What are these Keystone tests you hear about? Your child comes home from high school and says that the teacher told them that they have to know certain facts and pass what is called the Keystone tests in order to graduate. Students worry and parents worry and get confused. What is this is all about and what if your child receives special education?
Schools cannot offer much assistance in explaining this either and while parents might think they are hiding something, they are not. They only know what the Pennsylvania Department of Education has told them thus far. Schools know that the students need to pass these exams and that future funding for the school districts depend on the number of students that pass the test. The test covers English, Algebra, and Biology concepts and thus the teachers have been teaching lessons based on those concepts.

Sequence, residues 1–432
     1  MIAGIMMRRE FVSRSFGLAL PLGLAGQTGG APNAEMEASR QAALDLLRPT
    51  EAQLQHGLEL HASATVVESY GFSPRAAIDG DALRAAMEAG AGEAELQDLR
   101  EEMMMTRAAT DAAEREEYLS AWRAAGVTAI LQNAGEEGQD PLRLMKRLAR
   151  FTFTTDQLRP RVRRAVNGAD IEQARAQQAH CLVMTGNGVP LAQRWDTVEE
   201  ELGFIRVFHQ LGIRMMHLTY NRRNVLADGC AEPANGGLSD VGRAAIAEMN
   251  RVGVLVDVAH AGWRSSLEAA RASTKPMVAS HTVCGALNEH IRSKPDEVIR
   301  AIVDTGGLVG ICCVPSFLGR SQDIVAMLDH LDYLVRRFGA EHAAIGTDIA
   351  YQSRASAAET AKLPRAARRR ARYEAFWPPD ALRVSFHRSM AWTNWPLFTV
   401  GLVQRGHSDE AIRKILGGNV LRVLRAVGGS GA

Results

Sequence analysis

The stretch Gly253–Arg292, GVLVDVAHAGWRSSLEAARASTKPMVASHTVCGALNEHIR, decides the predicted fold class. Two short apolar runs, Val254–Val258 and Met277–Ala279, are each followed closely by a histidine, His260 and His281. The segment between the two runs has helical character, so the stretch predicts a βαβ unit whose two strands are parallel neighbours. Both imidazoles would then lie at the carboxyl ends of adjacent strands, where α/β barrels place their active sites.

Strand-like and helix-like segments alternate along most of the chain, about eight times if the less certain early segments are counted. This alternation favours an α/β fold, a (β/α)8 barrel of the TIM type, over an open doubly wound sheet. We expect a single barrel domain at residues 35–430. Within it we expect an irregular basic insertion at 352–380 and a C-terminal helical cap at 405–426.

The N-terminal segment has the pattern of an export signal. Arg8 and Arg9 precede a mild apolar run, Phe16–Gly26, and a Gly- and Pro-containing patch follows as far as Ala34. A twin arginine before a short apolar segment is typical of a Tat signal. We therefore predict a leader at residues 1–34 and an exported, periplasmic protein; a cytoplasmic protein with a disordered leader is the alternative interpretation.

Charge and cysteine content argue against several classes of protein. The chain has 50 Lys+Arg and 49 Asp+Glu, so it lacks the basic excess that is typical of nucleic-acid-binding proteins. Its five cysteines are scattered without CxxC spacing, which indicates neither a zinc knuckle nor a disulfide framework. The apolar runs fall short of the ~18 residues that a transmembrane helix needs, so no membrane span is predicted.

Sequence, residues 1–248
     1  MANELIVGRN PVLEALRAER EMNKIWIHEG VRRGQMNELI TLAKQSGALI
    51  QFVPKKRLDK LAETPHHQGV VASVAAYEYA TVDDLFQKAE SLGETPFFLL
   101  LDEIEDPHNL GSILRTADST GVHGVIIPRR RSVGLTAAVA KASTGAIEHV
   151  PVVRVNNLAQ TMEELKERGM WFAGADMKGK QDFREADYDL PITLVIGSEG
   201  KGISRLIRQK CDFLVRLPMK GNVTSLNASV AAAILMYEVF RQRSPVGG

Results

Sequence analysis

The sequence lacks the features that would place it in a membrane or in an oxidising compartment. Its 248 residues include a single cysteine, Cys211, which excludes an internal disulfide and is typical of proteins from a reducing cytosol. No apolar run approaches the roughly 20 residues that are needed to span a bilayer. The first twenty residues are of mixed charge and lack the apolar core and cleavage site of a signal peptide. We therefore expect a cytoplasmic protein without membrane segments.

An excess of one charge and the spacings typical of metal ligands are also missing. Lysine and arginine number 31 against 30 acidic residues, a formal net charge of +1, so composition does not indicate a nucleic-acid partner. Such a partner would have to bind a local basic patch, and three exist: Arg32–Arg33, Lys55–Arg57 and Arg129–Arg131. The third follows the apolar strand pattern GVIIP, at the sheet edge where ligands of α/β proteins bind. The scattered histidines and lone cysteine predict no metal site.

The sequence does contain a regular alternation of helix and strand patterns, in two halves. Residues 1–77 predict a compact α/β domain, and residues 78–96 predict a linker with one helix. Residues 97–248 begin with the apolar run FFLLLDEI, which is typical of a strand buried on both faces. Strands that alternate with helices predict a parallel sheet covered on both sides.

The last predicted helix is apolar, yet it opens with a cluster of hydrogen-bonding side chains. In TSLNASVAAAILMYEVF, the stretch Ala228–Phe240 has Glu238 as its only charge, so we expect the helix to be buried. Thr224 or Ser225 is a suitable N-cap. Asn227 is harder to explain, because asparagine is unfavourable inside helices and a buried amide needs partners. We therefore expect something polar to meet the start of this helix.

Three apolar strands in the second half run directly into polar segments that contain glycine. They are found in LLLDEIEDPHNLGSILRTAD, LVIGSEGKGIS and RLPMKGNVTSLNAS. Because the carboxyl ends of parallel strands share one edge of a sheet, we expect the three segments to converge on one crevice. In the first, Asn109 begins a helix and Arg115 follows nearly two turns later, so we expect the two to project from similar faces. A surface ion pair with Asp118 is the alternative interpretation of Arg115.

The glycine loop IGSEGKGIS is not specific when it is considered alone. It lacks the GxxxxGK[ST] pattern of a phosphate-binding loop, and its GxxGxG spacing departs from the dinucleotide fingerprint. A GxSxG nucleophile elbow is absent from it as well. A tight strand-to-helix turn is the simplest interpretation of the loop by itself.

The gray area in this process is what happens when the student receives special education. Often times, a student who receives special education is not learning at a level that is needed to pass these tests. However, just like students that are in regular education they need to take the test (with accommodations if noted in their IEP). Once they fail, the school has to implement a remediation process. They take the test again and fail it. Then, the IEP team can decide that they can take the project that the Department of Education designs to meet the graduation requirements. The guidelines of said project have not been clearly defined to date, but it is similar to the graduation projects that schools have had in the past.
Don’t panic. It can change. Every child is different and the IEP team (parents and students included) can make the final decision.